Kyoto's Golden Pavilion, or Kinkakuji, is among the most visited tourist sites in Japan.
Especially during the fall, when the leaves turn color, the temple is packed with visitors.
On a recent blustery afternoon in early January, there were far fewer tourists than at almost any other time of the year.
The current golden pavilion was built only in 1955. The reason is that a mad priest affiliated with the Zen temple set the previous building on fire in 1950, burning it to the ground.
This story has been recounted in the famous Yukio Mishima novel - The Temple of the Golden Pavilion - and a later film based on the same work.
In the 1220s, the area that now houses the grounds of the temple was occupied by a villa that belonged to Kintsune Saionji.
During the Muromachi Period, Muso Soseki (1275 - 1371) founded what is now Kinkakuji Temple as a part of the Shokoku-ji branch of Rinzai Zen.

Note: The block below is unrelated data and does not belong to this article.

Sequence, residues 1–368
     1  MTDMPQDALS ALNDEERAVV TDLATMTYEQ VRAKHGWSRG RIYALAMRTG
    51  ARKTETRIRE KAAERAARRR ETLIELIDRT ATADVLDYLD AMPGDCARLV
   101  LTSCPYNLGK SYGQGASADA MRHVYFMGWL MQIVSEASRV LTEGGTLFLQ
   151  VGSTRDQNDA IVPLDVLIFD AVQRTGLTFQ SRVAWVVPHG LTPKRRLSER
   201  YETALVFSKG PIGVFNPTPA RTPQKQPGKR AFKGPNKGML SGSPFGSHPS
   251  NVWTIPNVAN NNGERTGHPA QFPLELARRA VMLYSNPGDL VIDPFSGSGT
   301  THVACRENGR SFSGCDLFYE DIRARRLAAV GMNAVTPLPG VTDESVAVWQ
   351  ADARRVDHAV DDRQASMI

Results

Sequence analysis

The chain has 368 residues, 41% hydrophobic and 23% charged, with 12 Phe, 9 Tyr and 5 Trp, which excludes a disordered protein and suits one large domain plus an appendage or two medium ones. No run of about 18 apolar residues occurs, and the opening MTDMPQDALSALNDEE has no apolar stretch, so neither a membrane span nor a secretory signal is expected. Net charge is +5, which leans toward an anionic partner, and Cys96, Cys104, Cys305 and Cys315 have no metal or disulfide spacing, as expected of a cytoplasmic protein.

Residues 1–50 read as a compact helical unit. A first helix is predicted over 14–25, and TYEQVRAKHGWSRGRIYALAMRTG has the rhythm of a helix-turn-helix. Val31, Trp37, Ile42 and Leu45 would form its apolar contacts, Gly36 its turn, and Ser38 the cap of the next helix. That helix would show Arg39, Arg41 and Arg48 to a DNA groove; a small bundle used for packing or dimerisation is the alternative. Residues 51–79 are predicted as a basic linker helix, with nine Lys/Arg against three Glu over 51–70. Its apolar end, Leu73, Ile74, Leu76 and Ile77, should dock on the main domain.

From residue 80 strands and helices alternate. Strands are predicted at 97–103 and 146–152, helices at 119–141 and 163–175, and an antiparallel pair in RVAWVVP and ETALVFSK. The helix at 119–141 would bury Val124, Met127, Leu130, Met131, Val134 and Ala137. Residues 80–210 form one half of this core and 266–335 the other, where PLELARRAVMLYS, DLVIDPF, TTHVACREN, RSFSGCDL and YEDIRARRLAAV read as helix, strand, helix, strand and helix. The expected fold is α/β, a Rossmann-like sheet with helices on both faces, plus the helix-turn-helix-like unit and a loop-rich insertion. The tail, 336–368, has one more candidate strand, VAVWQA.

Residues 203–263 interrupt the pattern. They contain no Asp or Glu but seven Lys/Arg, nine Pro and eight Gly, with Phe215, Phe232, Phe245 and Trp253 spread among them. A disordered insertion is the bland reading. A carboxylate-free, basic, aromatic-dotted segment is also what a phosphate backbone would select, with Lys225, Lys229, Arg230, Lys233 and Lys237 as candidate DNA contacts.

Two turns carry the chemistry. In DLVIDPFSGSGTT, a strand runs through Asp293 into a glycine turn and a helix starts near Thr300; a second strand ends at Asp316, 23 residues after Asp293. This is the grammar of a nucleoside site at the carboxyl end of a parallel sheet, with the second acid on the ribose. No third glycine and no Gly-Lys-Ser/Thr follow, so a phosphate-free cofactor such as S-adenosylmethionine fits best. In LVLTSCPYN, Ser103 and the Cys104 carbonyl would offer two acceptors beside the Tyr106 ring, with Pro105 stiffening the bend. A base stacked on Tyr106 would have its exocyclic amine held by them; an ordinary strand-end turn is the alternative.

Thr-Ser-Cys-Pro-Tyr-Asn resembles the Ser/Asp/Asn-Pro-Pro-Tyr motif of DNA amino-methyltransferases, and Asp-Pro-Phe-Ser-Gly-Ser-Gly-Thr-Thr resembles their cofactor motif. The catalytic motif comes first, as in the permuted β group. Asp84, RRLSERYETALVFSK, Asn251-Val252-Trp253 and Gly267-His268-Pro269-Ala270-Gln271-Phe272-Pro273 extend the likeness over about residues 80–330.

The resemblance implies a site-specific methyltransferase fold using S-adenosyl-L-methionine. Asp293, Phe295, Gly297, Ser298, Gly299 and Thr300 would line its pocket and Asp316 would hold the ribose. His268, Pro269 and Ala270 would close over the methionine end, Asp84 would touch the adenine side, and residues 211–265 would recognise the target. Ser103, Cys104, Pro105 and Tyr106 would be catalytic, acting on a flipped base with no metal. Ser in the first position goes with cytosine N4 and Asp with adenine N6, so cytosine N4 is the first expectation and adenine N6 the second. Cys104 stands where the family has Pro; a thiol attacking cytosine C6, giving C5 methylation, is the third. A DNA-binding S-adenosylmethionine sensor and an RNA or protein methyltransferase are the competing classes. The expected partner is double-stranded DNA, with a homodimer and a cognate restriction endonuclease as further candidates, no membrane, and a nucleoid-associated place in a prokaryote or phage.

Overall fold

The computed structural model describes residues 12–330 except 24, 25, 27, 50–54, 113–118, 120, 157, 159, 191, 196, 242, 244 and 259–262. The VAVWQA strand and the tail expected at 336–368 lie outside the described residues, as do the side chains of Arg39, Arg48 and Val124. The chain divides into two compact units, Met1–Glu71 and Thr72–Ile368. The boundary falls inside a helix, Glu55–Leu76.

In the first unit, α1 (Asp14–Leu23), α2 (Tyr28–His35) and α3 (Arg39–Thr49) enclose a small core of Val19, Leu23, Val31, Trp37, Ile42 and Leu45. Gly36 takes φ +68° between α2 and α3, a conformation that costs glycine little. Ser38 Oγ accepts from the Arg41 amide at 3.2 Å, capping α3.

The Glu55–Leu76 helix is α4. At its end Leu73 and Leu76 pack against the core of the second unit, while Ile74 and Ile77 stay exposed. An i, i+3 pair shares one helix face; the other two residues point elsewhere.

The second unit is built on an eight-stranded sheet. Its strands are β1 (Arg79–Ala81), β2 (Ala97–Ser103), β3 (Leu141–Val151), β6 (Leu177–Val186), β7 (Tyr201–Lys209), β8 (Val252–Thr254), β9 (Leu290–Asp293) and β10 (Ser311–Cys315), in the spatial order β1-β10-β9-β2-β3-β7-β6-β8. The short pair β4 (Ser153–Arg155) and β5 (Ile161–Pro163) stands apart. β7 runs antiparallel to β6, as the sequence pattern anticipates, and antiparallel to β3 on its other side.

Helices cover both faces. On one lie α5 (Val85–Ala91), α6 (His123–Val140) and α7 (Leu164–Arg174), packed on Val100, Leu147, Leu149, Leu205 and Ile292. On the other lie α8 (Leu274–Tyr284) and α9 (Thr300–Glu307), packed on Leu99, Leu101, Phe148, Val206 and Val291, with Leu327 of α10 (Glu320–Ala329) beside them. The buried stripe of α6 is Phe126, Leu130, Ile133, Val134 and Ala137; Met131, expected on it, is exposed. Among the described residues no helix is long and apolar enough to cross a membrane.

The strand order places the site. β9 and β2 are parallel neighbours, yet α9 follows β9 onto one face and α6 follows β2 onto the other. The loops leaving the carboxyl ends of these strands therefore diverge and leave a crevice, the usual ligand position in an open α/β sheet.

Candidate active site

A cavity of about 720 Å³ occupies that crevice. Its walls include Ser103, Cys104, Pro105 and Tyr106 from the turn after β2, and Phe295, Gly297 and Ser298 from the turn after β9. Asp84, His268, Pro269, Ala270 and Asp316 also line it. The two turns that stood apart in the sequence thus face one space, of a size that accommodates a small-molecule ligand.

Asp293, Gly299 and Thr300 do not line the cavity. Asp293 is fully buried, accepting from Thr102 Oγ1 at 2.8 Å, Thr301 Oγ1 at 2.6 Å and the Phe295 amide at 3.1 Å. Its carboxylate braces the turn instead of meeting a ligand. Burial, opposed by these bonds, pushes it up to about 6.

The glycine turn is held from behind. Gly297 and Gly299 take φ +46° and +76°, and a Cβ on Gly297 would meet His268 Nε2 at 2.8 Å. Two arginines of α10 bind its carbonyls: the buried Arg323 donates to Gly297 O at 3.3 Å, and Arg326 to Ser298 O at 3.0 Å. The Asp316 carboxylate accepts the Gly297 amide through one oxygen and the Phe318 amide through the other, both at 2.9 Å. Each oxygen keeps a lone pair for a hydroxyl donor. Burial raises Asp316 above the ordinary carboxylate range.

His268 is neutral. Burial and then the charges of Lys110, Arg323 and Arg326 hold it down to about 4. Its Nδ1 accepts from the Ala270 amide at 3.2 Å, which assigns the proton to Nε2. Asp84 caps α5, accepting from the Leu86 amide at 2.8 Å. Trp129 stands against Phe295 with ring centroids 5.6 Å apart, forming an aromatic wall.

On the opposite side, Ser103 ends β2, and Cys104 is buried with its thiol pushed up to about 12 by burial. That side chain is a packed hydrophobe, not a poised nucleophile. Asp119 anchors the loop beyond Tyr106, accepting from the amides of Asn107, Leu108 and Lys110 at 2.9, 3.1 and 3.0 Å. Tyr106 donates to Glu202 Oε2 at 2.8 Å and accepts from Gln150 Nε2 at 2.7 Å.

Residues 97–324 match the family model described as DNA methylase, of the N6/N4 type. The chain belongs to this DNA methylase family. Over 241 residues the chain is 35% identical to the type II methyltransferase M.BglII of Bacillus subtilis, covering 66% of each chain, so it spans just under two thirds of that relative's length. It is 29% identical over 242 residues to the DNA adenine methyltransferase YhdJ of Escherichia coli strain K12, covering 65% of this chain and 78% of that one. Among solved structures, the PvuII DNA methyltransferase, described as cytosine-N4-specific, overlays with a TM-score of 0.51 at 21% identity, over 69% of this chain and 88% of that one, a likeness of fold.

The temple was first built, in 1397, as a retirement villa for Shogun Ashikaga Yoshimitsu. His son later converted the building into a Zen temple.
And, like much of Kyoto, it was destroyed by fire several times during the Ōnin War.
Kinkakuji was designated a World Heritage site in 1994.
Bus #101 or #205 from Kyoto Station, #59 from the downtown Shijo Kawaramachi area.
Tel: 075 461 0013
1 Kinkaku-ji-cho, Kita-ku, Kyoto.
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Friday, January 09, 2009
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